Should an annuitant be assigned owner in owner’s death?

UPDATED: Oct 2, 2022

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Should an annuitant be assigned owner in owner’s death?

I was named the annuitant on my grandfather’s annuity. It wasn’t a secret to me, it was for me upon his passing. The insurance company, however, refuses to transfer ownership because they say I was not listed as beneficiary. Is that accurate? They’ve released it to his estate and I’m not sure what to do.

Asked on July 26, 2019 under Insurance Law, Indiana


SJZ, Member, New York Bar / FreeAdvice Contributing Attorney

Answered 3 years ago | Contributor

It is correct: an annuitant is not the same thing as a beneficiary--they can be the same person, but they are two different roles, and the person would have to be named specifically as both. (Think of it this way: you can invest in a company and own part of it without working there; you can be an executive without owning any part of; being one does not make you the other automatically, though you could clearly be an owner and an executive.)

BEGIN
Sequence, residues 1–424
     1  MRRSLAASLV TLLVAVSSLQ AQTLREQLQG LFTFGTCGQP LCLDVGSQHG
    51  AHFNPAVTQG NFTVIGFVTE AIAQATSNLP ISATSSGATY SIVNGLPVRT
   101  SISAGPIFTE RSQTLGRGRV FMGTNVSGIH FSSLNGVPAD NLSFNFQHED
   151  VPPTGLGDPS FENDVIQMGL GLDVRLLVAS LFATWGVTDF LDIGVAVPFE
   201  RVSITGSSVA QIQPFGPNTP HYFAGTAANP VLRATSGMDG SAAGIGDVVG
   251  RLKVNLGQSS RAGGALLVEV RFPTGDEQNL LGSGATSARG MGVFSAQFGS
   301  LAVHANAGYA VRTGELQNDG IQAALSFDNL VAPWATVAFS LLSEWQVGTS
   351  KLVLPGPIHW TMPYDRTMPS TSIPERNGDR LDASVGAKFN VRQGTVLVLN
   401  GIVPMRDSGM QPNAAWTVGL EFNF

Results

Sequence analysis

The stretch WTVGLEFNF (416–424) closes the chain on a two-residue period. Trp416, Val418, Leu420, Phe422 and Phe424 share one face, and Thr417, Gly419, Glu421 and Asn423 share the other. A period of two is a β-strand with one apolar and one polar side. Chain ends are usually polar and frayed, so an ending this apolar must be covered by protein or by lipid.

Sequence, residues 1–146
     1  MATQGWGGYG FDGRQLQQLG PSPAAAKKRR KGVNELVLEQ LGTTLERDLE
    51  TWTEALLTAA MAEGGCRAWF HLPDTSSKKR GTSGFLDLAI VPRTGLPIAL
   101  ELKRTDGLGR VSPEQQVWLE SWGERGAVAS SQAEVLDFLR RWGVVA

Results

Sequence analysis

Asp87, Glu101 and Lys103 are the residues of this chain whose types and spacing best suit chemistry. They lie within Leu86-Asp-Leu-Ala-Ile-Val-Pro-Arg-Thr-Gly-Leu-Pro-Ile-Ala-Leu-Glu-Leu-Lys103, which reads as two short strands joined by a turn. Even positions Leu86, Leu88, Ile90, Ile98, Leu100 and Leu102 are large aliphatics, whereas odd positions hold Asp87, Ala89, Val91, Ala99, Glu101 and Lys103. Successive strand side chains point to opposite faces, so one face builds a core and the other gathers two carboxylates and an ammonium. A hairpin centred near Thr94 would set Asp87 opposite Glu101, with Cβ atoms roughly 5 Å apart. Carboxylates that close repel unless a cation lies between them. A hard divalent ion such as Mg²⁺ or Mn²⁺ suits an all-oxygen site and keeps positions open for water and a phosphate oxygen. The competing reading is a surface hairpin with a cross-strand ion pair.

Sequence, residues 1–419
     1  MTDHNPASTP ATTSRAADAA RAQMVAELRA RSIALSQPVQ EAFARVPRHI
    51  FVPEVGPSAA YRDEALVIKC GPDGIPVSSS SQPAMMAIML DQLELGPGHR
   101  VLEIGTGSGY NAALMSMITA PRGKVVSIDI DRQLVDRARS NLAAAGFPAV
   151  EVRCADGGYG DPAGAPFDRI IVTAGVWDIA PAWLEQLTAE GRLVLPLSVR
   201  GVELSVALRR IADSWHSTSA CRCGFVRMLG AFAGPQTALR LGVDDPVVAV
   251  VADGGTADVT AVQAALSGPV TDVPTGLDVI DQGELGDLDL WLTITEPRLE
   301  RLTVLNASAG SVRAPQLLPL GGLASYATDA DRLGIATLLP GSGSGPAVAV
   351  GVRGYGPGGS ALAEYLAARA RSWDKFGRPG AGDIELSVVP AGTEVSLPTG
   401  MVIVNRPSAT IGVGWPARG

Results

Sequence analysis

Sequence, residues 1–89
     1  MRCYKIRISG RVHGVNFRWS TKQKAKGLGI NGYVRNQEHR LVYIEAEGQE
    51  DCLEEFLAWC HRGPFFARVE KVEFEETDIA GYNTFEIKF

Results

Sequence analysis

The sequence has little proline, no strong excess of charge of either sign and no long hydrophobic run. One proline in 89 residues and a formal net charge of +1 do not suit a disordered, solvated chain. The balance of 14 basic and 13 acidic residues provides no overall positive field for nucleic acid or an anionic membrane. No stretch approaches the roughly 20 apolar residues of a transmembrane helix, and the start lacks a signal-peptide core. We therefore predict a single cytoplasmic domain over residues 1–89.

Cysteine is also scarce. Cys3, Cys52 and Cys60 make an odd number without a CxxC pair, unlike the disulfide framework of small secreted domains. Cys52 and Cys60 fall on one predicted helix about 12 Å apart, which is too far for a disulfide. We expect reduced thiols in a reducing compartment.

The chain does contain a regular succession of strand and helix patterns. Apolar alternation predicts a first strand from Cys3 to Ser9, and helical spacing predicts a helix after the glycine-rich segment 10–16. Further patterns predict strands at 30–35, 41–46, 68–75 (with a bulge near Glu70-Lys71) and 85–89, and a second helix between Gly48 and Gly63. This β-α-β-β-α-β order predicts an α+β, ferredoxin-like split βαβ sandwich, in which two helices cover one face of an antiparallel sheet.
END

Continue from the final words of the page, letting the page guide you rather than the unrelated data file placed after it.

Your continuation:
An annuitant gets annuities: the annual payments made while the person with the annuity is still alive. The beneficiary gets the proceeds after the person with the annuity passes away. Only a beneficiary gets the investment after the person who had it dies. Since you were not named as beneficiary, you do not get it, and it goes to his estate.

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